Management, Governance, and Staffing
management and governance policies do more than just keep a center
running. They are key to developing and maintaining community and
financial support. A sound accounting system and 501(c 3) nonprofit
status will often determine if a potential funder is willing to
is a direct relationship between a center's success and its organization
and management. The way a governance structure is established and
the role residents have in the decisionmaking process will determine
how well the center is able to meet the needs of the community it
serves. When developing your center's business plan, consider the
you have a residents' committee? A residents' committee is
composed of people in the community who will actively participate
in the center. Their input will ensure that the center meets the
needs of the community. The committee can propose ideas to the
center director for review and consideration.
you have an advisory board or a board of directors? If not,
when will the board be established? Describe the advisory board,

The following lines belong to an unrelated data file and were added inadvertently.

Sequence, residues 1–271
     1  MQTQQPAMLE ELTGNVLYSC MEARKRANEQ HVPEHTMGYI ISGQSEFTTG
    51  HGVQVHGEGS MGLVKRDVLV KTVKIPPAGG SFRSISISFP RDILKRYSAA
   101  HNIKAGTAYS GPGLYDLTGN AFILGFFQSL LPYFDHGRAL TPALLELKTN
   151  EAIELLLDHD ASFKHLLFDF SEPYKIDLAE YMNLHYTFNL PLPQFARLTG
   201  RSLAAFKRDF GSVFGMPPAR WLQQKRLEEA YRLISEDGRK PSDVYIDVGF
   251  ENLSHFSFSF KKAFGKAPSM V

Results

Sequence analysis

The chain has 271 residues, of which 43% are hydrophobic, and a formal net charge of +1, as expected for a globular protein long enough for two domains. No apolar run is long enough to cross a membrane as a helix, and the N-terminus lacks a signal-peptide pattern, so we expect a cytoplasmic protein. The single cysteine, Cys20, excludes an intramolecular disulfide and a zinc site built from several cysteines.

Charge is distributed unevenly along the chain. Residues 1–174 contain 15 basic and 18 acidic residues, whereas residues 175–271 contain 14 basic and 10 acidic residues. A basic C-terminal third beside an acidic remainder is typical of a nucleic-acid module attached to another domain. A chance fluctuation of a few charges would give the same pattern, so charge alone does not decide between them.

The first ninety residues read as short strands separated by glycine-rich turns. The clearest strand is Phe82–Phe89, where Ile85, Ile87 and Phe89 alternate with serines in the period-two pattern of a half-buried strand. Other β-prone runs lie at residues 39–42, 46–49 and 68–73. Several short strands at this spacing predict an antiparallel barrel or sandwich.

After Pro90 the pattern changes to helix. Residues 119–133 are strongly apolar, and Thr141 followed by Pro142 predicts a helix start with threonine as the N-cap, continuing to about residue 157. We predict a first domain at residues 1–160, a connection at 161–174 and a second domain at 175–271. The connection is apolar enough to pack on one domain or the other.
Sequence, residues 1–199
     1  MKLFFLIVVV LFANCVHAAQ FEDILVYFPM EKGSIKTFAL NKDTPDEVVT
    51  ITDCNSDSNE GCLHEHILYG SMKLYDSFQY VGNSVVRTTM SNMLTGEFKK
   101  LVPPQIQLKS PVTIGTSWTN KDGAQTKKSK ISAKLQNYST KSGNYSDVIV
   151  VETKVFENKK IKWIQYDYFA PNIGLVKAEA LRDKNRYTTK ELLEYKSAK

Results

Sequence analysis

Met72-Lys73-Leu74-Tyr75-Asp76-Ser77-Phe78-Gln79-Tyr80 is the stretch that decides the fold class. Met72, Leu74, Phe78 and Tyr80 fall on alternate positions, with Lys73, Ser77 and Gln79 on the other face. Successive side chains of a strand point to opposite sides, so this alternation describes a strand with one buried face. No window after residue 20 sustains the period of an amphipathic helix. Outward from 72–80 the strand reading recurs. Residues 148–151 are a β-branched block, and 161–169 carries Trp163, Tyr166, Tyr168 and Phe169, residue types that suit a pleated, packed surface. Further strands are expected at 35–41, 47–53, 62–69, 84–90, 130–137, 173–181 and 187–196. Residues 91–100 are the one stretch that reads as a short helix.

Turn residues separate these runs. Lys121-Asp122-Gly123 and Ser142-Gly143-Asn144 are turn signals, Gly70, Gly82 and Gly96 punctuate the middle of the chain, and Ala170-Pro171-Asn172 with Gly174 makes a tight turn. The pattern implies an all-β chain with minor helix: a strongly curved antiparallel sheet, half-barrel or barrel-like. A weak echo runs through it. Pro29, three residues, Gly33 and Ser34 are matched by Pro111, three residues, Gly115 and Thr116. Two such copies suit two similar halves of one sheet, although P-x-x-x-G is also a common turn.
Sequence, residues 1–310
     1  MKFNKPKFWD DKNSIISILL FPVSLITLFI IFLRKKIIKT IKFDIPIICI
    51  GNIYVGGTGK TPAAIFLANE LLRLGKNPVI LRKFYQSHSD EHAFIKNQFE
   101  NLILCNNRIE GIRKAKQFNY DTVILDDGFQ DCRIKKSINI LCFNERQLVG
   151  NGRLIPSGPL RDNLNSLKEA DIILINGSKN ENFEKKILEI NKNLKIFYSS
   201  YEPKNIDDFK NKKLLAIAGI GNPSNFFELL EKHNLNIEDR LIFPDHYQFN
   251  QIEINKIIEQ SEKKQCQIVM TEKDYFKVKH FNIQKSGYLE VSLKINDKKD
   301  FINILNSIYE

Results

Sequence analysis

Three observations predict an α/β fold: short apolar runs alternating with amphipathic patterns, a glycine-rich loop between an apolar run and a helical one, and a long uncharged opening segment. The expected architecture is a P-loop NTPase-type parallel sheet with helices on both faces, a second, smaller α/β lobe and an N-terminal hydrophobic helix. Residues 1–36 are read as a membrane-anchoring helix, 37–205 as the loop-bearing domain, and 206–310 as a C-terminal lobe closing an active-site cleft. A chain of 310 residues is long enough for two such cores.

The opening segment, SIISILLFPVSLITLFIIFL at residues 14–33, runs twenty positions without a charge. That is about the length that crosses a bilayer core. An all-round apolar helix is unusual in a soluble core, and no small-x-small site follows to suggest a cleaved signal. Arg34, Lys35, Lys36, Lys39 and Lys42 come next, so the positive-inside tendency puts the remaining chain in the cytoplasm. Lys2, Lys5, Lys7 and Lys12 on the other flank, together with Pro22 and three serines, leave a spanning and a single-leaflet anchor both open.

board of directors, or your plans to establish one.
the organization have bylaws? If no, when will the bylaws
be developed and presented for approval?
the center a 501(c)(3) tax-exempt nonprofit organization?
Fundraising can be significantly easier as a tax-exempt nonprofit
organization. There are, however, alternative ways to take advantage
of 501(c)(3) funding, such as forming a consortium with a qualified
nonprofit organization in the community or within your property,
such as a residents' group.
infrastructure. Is there an accounting system to track money
received and money spent? If no, when do you propose to have a
system in place? Describe who will handle accounts, and what accounting
method the center will use, including any automated/ computerized
policies and procedures: Does the organization:
employee benefits? |
a personnel manual? |
a staff training plan? |
a staff evaluation plan? |
paid staff or volunteers or both? |